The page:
According to Smith, the fees add only a couple of thousand dollars a year to his practice's coffers, but they have been valuable in the statement they make to patients. "The bottom line is, you're losing ground" even with the fees, he says. "But it's important that people understand it's a business. Most people have one thing in mind: their specifics (what they need). Not yours, and not your other patients and their needs for your time. If you don't set some limits and parameters, people are bound to take advantage of that."

The practice of charging for nonclinical paperwork has become more common as the volume of such paperwork has exploded. The amount of time physicians spend filling out forms has been spiraling upward, research shows. For example, Merritt, Hawkins & Associates recently surveyed older doctors on the subject. The vast majority said that when they started their practices, they spent no more than four hours per week on nonclinical paperwork chores. Today, a third report spending seven to 10 hours per week on paperwork, and another 12 percent say they spend 11 to 14 hours per week.

Put a different way: almost half of doctors are spending nearly a full workday per week filling out nonclinical paperwork, and some are spending almost two days. That doesn't even include the time spent on clinical documentation. Is it any wonder that physicians feel overworked and stressed out, and that patients feel they're not getting enough one-on-one time with their doctor?

Patient backlash

Under these circumstances, many physicians feel justified charging for the time they spend on paperwork; some feel that as an economic reality, they have no choice. Patients, however, haven't necessarily felt their pain. Elizabeth Woodcock, MBA, FACMPE, CPC, an Atlanta-based practice management expert, takes no issue with fees for services that are purely administrative, like making copies of medical records, but cautions against fees for refills or others directly attributable to the patient encounter or made necessary by the doctor's instructions.

Although she sympathizes with physicians who want to charge fees, Woodcock says they typically don't amount to enough money to make them worth the accompanying headaches and expense of collecting them. Worse, she says, they sometimes drive patients away.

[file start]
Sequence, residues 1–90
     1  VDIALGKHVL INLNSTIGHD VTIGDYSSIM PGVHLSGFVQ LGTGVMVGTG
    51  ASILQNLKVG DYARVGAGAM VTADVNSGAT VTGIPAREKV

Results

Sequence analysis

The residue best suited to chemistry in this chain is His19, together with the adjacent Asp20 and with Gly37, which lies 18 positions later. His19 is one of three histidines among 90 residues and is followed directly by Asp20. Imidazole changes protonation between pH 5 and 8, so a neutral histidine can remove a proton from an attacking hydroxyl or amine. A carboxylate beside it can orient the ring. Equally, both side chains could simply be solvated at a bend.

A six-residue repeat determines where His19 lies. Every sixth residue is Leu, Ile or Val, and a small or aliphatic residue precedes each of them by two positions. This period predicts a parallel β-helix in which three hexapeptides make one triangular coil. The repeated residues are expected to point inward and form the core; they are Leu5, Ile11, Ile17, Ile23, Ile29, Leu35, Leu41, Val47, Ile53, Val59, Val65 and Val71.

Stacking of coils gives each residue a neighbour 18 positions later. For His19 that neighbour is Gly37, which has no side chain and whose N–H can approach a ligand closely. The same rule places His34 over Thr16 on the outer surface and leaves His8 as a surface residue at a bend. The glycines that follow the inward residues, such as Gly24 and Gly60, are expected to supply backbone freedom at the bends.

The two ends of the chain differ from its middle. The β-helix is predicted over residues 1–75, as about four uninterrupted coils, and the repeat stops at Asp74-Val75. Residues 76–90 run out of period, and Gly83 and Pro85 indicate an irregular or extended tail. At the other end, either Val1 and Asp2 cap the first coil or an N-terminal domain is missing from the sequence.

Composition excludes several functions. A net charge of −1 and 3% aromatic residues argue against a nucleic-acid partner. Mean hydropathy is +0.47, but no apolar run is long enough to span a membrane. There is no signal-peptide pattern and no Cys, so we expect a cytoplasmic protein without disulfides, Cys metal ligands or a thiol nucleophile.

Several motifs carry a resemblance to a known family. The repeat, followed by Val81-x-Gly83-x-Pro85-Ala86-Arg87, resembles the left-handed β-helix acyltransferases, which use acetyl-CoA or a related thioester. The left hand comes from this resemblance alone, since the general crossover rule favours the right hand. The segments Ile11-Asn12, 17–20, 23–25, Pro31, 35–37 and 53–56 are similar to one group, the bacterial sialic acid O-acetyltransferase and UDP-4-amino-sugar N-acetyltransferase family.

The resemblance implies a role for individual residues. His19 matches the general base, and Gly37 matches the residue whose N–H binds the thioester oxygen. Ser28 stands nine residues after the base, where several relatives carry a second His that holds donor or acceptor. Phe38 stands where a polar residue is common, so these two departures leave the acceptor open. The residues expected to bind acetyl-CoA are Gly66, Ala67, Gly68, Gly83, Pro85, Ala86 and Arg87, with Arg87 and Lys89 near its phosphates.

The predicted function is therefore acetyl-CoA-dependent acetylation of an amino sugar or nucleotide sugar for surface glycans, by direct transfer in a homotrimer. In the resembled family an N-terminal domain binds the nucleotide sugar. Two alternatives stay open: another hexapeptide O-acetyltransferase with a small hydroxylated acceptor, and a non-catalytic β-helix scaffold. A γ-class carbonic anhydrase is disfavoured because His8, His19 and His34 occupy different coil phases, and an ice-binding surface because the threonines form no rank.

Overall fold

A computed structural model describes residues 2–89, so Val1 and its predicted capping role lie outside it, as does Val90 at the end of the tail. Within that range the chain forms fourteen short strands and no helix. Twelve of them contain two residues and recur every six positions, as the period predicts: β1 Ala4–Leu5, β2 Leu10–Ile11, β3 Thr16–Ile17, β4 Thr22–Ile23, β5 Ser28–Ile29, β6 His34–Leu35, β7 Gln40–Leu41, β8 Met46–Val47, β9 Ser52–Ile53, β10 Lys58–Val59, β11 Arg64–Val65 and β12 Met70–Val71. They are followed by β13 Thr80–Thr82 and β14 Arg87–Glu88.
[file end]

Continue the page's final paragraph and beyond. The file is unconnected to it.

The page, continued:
Indeed, backlashes against the extra fees have led patients to leave practices or even call the media. After an angry patient at an Ohio OB/GYN practice was repeatedly billed for an administrative fee, she called the local newspaper. Several articles later, the patient's insurer, which the practice claims had verbally supported the idea before the fees were launched, threatened to drop the practice from its network.

Nevertheless, physicians are continuing to express interest in administrative fees. If you do decide to charge the fees, Woodcock and others advise you do it the right way by taking some precautions.

Start by investigating which patients you can safely charge, and which you can't. For example, some of your commercial payers may expressly forbid them; make sure you've scrutinized your contracts carefully. Also, you are prohibited from charging Medicaid patients extra fees, and experts caution strongly against trying it with Medicare. 

And consider a few other preparatory steps before you start charging:

  • Call your lawyer. In addition to helping you review contracts with insurers, Woodcock says, your attorney can help you interpret how other relevant laws may apply to you. For example, the federal Truth in Lending Law requires that, in many situations, consumers must be notified before fees are charged. State collection laws may have edicts that apply to you, too.